Kennewick teachers say neighboring districts pay more money. Here’s their plan to get raises

Kennewick Education Association bargaining rally

James Gow, Washington Education Association-Southeast representative, tells about the contract negotiations being held between the Kennewick Education Association and the Kennewick School District.
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James Gow, Washington Education Association-Southeast representative, tells about the contract negotiations being held between the Kennewick Education Association and the Kennewick School District.

Chris Kenoyer joined about 75 of her fellow teachers outside the Kennewick School District’s administration building Wednesday.

The Southridge High School English teacher and union representative has seen firsthand what the higher pay in neighboring school districts means for teachers.

“If you see across the river that you can make $5,000 more per year, why would you stay?” she said, referring to Richland and Pasco school district salaries.

Along with changes related to student discipline and leave, the Kennewick Education Association and Kennewick district administrators are trying to bridge a gap on pay as they enter a full week of negotiations.

For union members, the issue is simple. Pasco pays starting teachers at least $3,000 more than Kennewick, and the gap between Kennewick and Richland for beginning educators is $5,000.

When the Legislature set money aside for educators as part of a solution to end a years-long legal battle over school funding, all three school districts opened negotiations about wages. While Richland and Pasco educators didn’t have a contract at the time, Kennewick teachers did.

Kennewick teachers did open up negotiations last year; the closed contract meant they stopped short of the increases Richland and Pasco saw, union leaders said.

Kennewick’s teachers settled on the new agreement, knowing that they would negotiate again this year.

“If you look at the existing salary schedules (of Richland and Pasco) they are far outpacing Kennewick School District in salaries,” said Jim Gow, the Washington Education Association’s representative for the southeast region.

KEA bargaining rally
Members of the Kennewick Education Association bargaining team make their way through a group of teachers and supporters gathered for a rally Wednesday in the parking lot of the Kennewick School District administrative building on West Fourth Avenue. Watch a video at: Bob Brawdy Tri-City Herald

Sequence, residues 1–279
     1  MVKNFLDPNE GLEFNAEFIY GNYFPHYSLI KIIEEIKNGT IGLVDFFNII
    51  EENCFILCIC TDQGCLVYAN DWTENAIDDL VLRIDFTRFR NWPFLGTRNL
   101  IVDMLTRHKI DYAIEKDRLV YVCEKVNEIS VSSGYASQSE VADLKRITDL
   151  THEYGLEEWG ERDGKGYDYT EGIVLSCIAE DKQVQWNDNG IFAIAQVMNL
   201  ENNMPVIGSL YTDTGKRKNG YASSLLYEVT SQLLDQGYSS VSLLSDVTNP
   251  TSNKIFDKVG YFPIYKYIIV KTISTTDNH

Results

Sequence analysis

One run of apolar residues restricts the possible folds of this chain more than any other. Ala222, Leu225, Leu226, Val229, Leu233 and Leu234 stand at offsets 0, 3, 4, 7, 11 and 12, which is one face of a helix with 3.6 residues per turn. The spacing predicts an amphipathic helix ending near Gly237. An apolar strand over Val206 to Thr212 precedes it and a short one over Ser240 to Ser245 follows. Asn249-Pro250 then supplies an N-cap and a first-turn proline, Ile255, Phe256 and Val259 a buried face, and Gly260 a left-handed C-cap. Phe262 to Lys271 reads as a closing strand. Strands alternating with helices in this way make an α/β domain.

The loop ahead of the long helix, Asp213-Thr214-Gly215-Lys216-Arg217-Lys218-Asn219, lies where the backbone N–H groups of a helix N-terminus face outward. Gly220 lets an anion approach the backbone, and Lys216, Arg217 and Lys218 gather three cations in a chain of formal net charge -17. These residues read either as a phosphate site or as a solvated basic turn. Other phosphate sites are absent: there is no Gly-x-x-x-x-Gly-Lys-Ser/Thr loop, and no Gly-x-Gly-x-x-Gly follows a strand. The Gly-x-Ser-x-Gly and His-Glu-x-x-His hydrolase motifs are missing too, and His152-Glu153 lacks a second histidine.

District leaders want to match cost of living increases that the neighboring school districts are providing, but their proposal still leaves a gap between them and their neighbors, he said. The union’s proposal would put Kennewick teachers ahead of their neighbors.

Several educators have pointed out that administrators in Kennewick make more than the neighboring districts.

“We don’t believe our teachers are worth less then theirs, and we also don’t believe that gives this district the ability to attract and retain new staff and teachers in a competitive way, which really is detrimental to the students of this community,” he said.

Not a fair comparison

Administrators see the issue differently. They say the Kennewick Education Association is not making a fair comparison. For the first time, all of the negotiating documents are available to the public, including the response to the association’s proposal.

Their response highlights ways that Kennewick schools are different than neighboring districts.

Richland received additional state funding for teacher salaries through “regionalization.” The money supported school districts with higher costs of living, and Kennewick and Pasco didn’t get any.

“In order to fairly compare districts — apple to apple — and the salaries that they provide for employees under this new system, districts must be compared to other districts with the same regionalization factor,” district leaders wrote.

They called comparing Richland to Kennewick salaries “inherently unfair.”

The district also noted that the state moved from a sliding scale to fund salaries to a flat amount. That change favored school districts with less-educated and -experienced teachers, such as Pasco. District officials said the average Kennewick teacher makes $74,126, about $8,910 more than the compensation that comes from the state.

“Because their staff is substantially less experienced and has fewer degrees and credits, their basic costs are lower, enabling them to offer high salaries with the same allocation,” district leaders wrote.

Instead, the district developed its own list that includes Selah, Centralia, Shelton, Longview, Yakima and Rochester school districts. The beginning salary for teachers in those districts runs from a low of $43,000 in Yakima to a high of $50,481 in Centralia.

The school district provided a frequently asked questions section in the new collective bargaining section of its website

Still negotiating

Kennewick teachers and the administration are also trying to hash out some other issues, including changes in family leave and new state regulations on disciplining students in the classroom.

“We made some progress on many of the items, so that’s positive,” Gow said. “We’ve got a lot of items where we’ve been back and forth a couple of times that we’re working through.”

Administrators did not share their opinions on how the negotiations were going.

Bargaining will resume on Friday.

Cameron Probert covers breaking news and education for the Tri-City Herald, where he tries to answer readers’ questions about why police officers and firefighters are in your neighborhood. He studied communications at Washington State University.